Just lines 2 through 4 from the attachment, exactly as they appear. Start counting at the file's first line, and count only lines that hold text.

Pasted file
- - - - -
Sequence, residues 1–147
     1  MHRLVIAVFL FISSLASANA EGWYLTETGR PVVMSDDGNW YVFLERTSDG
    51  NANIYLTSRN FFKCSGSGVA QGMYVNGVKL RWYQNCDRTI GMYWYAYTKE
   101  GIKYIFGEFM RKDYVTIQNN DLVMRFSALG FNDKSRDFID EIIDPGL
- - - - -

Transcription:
     1  MHRLVIAVFL FISSLASANA EGWYLTETGR PVVMSDDGNW YVFLERTSDG
    51  NANIYLTSRN FFKCSGSGVA QGMYVNGVKL RWYQNCDRTI GMYWYAYTKE
   101  GIKYIFGEFM RKDYVTIQNN DLVMRFSALG FNDKSRDFID EIIDPGL